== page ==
Tuesday, November 3, 2009
Convention Center, Exhibit Hall BC, Second Floor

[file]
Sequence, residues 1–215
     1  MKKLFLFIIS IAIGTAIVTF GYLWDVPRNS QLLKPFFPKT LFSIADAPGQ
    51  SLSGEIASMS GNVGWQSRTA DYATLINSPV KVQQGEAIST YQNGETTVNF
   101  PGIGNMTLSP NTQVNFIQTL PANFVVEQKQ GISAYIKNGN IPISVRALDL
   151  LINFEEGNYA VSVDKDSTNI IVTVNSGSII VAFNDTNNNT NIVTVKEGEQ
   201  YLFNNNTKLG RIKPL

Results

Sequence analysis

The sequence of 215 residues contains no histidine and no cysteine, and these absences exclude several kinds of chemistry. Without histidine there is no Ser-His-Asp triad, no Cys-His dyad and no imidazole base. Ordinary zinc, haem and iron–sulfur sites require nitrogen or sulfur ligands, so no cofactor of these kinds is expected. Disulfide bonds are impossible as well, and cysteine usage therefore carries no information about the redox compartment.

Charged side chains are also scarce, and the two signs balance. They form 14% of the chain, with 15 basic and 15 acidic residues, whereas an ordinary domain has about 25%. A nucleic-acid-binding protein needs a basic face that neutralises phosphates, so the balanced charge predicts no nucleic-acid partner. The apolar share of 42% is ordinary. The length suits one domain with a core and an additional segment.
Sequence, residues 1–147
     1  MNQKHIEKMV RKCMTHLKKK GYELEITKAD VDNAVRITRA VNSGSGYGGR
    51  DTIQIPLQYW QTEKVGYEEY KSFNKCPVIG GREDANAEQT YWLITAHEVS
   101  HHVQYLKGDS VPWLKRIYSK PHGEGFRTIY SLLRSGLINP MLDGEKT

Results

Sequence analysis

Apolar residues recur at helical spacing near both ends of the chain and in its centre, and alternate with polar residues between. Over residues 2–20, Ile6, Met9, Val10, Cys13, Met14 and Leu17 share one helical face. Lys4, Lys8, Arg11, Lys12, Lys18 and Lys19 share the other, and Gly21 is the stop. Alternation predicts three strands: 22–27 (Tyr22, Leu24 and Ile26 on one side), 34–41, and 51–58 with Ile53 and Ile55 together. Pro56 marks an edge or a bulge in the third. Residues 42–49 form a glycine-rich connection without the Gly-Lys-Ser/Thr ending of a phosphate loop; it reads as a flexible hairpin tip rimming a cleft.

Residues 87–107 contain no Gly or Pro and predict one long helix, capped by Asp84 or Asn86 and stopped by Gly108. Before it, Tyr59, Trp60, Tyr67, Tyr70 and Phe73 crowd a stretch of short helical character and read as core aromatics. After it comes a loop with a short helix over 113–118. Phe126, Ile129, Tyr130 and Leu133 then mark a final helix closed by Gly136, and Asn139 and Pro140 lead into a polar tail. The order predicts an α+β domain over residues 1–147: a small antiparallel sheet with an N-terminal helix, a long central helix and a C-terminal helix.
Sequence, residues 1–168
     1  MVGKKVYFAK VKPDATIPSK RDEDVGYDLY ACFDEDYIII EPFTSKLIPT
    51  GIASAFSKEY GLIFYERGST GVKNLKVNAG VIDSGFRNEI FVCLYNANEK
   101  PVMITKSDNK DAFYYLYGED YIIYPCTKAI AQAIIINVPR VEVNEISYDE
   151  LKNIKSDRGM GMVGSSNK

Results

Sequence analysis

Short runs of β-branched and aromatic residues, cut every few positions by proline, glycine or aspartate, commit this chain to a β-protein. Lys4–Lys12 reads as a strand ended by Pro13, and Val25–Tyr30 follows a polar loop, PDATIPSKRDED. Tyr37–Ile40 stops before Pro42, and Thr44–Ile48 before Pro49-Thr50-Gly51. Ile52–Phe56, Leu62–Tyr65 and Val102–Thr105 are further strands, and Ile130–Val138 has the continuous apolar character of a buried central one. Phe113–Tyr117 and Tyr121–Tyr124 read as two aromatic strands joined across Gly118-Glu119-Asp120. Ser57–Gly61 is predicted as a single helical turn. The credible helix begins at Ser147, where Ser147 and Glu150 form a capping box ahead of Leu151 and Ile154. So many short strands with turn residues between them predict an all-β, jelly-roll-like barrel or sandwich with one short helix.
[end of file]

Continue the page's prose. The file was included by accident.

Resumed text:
As the amount of water available for irrigation diminishes, salinity tolerance of plants becomes a critical issue. The objective of this experiment was to evaluate irrigation salinity tolerance among the major cool- and warm-season turfgrass species grown in California in addition to an interspecific hybrid between meadow fescue (Festuca pratensis Huds.) and perennial ryegrass (Lolium perenne L.), or Festulolium, that is being developed for improved stress tolerance. In a greenhouse, ten saline irrigation water treatments with electrical conductivities (EC) ranging from 2 (control) to 20 dS.m-1 simulating typical waste water from the Coachella Valley in southern California were imposed on 'Marathon II' tall fescue (Festuca arundinacea Schreb.), 'Chaparral' perennial ryegrass, Festulolium, 'Tifway II' hybrid bermudagrass (Cynodon dactylon [L.] Pers. x C. transvaalensis Burtt-Davy), and 'Sea Spray' seashore paspalum (Paspalum vaginatum Swartz.) grown in tanks containing a gravelly-sand. Six replicate plugs of each species were planted into each of the tanks and immediately subjected to the saline irrigation treatments. Based upon both absolute and relative biomass production sampled five weeks after initiation of the experiment, salinity tolerance of Festulolium appears to be greater than both tall fescue and perennial ryegrass, but less than the warm-season turfgrass species. Although originally developed for improved drought and heat tolerance, the potential for increased salinity tolerance further suggests that Festulolium may be a viable alternative for commonly used cool-season turfgrass species in California and other arid climates as potable water supplies diminish.